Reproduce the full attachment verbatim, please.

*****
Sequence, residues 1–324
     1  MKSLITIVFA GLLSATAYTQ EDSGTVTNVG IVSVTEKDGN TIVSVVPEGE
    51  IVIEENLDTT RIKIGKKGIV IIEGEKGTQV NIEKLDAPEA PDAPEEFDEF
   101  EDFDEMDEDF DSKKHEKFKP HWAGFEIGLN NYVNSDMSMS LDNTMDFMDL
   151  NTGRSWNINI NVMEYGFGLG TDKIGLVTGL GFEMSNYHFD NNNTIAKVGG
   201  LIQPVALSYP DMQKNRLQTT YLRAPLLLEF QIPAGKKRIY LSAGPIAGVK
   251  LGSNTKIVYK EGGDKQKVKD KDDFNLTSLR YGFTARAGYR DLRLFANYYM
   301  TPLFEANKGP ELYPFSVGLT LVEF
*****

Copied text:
Sequence, residues 1–324
     1  MKSLITIVFA GLLSATAYTQ EDSGTVTNVG IVSVTEKDGN TIVSVVPEGE
    51  IVIEENLDTT RIKIGKKGIV IIEGEKGTQV NIEKLDAPEA PDAPEEFDEF
   101  EDFDEMDEDF DSKKHEKFKP HWAGFEIGLN NYVNSDMSMS LDNTMDFMDL
   151  NTGRSWNINI NVMEYGFGLG TDKIGLVTGL GFEMSNYHFD NNNTIAKVGG
   201  LIQPVALSYP DMQKNRLQTT YLRAPLLLEF QIPAGKKRIY LSAGPIAGVK
   251  LGSNTKIVYK EGGDKQKVKD KDDFNLTSLR YGFTARAGYR DLRLFANYYM
   301  TPLFEANKGP ELYPFSVGLT LVEF